the way and gave me the love of the mountains and outdoors that gave me the dream to be here at all.
We quickly descended the mountain, feeling more oxygenated every step we took. I vomited a few more times on the way down, still unable to keep any water down. When we finally made it back to camp, I collapsed and fell asleep for a few hours before we were woken up by Frank to pack up and to keep moving and head to our next camp a few miles down the mountain. We would’ve love to have stayed at base camp but knew In the end we’d feel even better further down the mountain.
As we hiked down we passed our only non-Tanzanian friend we had made on the mountain, a Dr about our age from Brazil, who was hiking the same route as us. He was being placed into a litter to be carried down the mountain, suffering from hypothermia and Acute Mountain Sickness.
We arrived at Millemium camp at 11,850 ft and were given a huge feast. Thankfully all my sickness had subsided and I could get my strength back. Before we fell
asleep we could see the glow of the wildfire on the mountain that had been burning for a few days. We had an early start the following morning at 0500 and were exhausted so we wasted no time falling asleep.
We were awoken at midnight by Omari, which was strange because we were used to Frank waking us up. He spoke quickly and frantically telling us the fire was close and we had to hurry and evacuate the camp immediately. As soon as we got out of the tent we could see just how close the fire had come, the next ridge away. The strong winds were feeding the flames and pushing it our way and the camp was in a frenzy.
We spent the next several hours almost jogging over 8 miles with our packs, the trail lit only by our headlamps, down the dark and steep rocky trail trying to outrun the fire. Occasionally we would catch glimpses of the fire through the dense jungle, sometimes seeming as though we had outrun it, other times terrifyingly close, causing the porters to gasp and speak nervously in Swahili. Dennis reassured us all that we were safe provided
the wind didn’t shift and our path didn’t bring us closer. We had no trail maps so we weren’t sure the route ahead of us and just hoped it stayed straight or veered away from the fire.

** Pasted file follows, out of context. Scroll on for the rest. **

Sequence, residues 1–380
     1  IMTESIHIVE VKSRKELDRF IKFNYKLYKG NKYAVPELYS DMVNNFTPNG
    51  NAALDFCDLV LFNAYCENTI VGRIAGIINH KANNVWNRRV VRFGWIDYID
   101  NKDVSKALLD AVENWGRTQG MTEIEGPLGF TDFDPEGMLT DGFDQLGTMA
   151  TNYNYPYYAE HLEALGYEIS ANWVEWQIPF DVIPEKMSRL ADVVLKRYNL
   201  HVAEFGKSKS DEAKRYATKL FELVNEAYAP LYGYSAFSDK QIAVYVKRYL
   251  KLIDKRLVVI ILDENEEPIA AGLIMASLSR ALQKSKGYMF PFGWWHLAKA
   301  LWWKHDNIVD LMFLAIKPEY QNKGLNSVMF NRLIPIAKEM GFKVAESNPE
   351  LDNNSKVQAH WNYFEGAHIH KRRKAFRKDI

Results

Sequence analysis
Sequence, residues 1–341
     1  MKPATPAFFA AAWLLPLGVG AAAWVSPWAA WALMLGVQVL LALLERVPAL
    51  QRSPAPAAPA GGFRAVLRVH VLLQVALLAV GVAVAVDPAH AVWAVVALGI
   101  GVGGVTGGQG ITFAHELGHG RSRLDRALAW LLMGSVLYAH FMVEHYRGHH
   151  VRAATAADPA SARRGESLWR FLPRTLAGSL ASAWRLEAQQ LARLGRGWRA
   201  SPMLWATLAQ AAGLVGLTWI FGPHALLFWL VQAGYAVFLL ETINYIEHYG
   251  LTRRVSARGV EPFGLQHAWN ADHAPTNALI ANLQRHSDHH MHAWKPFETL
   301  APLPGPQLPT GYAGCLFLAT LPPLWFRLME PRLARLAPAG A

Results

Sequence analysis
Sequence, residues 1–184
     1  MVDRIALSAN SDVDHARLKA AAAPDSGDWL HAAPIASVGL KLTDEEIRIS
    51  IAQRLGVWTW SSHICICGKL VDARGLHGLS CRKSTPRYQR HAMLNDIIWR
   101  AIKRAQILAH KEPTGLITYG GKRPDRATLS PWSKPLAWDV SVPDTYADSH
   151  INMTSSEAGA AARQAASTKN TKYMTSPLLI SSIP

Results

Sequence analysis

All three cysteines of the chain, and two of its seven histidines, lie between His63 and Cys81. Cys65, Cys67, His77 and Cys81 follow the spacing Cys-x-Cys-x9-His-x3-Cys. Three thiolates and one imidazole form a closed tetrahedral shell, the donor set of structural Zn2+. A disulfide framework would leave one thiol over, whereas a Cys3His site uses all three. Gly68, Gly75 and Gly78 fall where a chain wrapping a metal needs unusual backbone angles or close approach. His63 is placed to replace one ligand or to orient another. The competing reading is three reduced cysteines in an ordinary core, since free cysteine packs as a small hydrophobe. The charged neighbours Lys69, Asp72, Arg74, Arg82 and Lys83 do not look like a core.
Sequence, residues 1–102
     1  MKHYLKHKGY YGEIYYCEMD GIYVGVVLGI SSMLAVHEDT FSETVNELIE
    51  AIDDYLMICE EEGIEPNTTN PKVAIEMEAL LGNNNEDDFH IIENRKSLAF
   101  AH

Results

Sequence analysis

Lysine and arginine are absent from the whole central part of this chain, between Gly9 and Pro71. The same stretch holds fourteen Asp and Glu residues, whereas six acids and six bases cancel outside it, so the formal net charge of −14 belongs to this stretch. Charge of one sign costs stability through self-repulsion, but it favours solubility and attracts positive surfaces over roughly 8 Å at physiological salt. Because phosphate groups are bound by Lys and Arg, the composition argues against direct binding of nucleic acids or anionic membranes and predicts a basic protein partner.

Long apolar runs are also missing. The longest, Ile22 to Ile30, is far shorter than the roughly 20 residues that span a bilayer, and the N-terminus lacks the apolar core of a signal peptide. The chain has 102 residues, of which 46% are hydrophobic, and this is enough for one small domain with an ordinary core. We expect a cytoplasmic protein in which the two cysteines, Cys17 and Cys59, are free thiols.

Eventually we emerged out of the jungle into a clearing and saw a park ranger with a truck waiting to transport us all the rest of the journey on a forest road to safety. At the bottom gate we saw dozens of other hikers and porters that had evacuated from other camps. Finally we were out of harms way, with sore and aching knees and toes.
We were transported back to Jackson’s office where we said goodbye to our crew that we had grown to be friends with. We had a traditional tipping ceremony as the sun rose in the smoke filled sky. Each porter came forward while his name was called, and gave hugs and handshakes to us as they received their envelopes. This ceremony is usually accompanied by song and dance but due to the hour and exhaustion it was a subtle affair.
The average salary in Tanzania is $1/day so they rely heavily on the generosity of
tourist tips to help them supplement their pay. In this time of COVID and the loss of tourism many locals are suffering tremendously and we were told some are lucky to eat one meal a day and are being forced back to their villages to farm with their families in order to survive. We tried to be as generous as we could, feeling so grateful for what we have and how lucky we have been to have been employed during all these months and to come from a country that provides government assistance to those unemployed. Yes of course things can always be improved upon but we realized just how lucky we were to be what in reality is minorly inconvenienced by comparison. As always our travels remind us of just how fortunate we are, and in spite of the tremendous suffering throughout the world people continue to be incredibly happy, kind and welcoming.
What an adventure we’ve had so far and look forward to some more relaxing days ahead on our safari that will bring us next to the African plains of the Serengeti.